Our bodies are fragile. They can be pushed but they also need to be nurtured and loved.

So, it’s time for a change for me.

IMG_7687For the next few weeks, I’m going to focus on low-intensity workouts. I’m going to revisit yoga, pilates, stretching and walking…the types of exercise that I once loved but “haven’t had time for” in years. I’m going to steer clear of pushing my muscles with heavy weights and get moving with body-weight exercises instead. Does that feel totally against the grain for me and contradictory to the “lift heavy” mantra that everyone seems to be preaching right now? Yes. But right now, it’s right for me.

The thought of not having to kill myself in the gym for a few weeks makes me feel anxious…and relieved, which is exactly how I know it’s what I need. I’m breaking down another mental wall that I’ve built up over the years and I’m ecstatic at the thought of what life will be like on the other side.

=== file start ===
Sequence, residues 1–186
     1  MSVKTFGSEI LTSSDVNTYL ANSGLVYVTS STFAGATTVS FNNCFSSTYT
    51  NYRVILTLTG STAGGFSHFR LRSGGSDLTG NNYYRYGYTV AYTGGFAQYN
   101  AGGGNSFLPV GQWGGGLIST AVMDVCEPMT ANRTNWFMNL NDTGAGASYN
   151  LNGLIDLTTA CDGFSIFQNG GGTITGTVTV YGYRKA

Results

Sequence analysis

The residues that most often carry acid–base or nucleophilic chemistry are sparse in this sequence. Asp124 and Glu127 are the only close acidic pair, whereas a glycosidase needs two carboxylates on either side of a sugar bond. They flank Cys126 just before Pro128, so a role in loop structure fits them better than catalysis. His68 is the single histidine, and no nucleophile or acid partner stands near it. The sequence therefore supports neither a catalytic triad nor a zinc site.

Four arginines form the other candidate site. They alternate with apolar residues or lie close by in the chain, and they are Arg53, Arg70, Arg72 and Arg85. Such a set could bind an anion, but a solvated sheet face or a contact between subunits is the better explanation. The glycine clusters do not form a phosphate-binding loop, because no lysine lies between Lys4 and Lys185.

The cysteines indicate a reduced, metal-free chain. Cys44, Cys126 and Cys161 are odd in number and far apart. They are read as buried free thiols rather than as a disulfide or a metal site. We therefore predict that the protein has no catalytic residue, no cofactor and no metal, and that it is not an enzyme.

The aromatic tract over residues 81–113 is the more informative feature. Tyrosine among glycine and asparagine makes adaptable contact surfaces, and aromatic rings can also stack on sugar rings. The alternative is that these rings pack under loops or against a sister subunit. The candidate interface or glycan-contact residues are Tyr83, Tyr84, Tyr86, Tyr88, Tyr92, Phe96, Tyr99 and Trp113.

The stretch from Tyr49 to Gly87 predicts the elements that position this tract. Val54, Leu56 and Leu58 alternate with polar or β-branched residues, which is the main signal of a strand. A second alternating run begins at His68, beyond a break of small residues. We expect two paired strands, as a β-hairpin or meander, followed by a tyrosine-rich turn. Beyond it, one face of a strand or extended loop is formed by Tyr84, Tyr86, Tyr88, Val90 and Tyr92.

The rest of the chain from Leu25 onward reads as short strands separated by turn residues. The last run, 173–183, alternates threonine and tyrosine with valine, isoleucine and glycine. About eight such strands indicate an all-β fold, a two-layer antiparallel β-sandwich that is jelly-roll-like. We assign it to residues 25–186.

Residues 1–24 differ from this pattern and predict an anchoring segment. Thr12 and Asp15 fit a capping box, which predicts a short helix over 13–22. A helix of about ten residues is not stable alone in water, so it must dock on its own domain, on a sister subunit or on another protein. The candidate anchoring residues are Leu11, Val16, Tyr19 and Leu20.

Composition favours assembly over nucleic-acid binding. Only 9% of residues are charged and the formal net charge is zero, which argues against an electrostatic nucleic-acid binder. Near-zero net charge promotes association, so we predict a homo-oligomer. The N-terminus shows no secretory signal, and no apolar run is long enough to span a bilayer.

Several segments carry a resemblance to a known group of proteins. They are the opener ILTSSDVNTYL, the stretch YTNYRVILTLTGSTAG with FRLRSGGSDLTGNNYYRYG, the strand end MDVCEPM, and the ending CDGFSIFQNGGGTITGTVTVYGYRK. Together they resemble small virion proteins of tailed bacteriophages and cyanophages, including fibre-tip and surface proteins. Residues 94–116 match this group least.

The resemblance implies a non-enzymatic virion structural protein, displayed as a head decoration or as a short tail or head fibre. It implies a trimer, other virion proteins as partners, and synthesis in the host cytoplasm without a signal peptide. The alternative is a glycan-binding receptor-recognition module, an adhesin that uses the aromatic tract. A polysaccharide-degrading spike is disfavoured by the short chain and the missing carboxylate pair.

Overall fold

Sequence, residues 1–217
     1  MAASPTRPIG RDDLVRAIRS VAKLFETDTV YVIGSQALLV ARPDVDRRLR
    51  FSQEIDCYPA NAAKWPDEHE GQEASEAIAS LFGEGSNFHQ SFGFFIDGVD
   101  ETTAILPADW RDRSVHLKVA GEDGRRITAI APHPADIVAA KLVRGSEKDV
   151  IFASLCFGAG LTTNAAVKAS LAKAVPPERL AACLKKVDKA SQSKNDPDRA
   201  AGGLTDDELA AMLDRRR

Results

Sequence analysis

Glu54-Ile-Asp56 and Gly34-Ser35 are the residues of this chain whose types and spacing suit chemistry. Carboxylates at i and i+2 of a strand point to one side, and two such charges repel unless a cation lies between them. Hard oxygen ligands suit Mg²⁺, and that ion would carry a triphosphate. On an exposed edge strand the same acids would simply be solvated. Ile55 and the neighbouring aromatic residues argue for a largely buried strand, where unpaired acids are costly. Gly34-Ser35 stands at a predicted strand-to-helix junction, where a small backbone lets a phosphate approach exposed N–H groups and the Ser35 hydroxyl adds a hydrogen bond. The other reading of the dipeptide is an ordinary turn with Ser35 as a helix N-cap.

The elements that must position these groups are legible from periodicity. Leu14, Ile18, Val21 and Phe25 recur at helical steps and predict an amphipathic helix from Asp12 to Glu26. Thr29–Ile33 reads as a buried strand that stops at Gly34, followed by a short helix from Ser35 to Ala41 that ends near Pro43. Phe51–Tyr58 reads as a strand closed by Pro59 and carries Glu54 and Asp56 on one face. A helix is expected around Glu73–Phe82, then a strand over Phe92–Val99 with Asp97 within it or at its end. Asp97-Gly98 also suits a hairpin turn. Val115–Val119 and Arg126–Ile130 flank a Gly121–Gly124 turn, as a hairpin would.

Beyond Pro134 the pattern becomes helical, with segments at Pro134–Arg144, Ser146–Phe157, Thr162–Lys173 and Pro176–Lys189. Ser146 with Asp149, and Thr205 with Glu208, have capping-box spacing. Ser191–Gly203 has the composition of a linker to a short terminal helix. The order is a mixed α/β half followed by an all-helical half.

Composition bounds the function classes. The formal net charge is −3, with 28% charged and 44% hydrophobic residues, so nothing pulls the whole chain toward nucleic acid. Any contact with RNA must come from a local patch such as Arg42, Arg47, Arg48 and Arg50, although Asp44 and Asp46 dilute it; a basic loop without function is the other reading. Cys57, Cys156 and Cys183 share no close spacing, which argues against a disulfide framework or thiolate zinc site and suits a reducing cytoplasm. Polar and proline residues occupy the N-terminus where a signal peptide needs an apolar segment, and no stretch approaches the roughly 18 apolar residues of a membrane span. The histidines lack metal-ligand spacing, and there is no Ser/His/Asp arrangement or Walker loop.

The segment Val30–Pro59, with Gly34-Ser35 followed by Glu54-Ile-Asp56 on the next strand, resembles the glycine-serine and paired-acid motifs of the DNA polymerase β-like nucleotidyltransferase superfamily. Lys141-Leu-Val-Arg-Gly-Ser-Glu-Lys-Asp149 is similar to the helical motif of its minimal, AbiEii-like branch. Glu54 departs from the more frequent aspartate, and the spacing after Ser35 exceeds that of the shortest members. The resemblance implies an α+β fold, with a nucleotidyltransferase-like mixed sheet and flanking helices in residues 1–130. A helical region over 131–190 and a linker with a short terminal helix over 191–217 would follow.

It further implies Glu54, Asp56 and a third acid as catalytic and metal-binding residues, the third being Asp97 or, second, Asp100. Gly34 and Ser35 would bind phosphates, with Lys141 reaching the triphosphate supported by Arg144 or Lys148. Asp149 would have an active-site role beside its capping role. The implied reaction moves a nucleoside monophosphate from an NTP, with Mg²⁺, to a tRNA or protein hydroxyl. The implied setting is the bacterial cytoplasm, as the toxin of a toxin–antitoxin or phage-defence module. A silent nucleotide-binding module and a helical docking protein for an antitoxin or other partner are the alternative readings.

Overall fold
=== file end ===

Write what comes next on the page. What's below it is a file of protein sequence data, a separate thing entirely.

I’ll be sharing my thoughts and feelings throughout the journey and I encourage you to join me, especially if you have been pushing yourself through intense workouts for a while. Your body does so much for you…it deserves a few weeks of being nurtured, nourished and truly loved.IMG_7591When was the last time you took a break from intense exercise? Favorite low-intensity workouts?

Here’s to healthy changes…

-Emily

Follow me on Instagram & Twitter @missemmmysue

11 comments
  1. Kelsey said:

    This kind of hit home for me. While I love the community I am a part of at my CrossFit gym, I sometimes wonder if I need to take a step back. Like, a HUGE step back. I’ve done weeks off here and there, but nothing compared to a full month. I wonder what my body would do with a little more sleep, rest and relaxation. Your words definitely inspired me to keep it in consideration and talk with my coaches about it.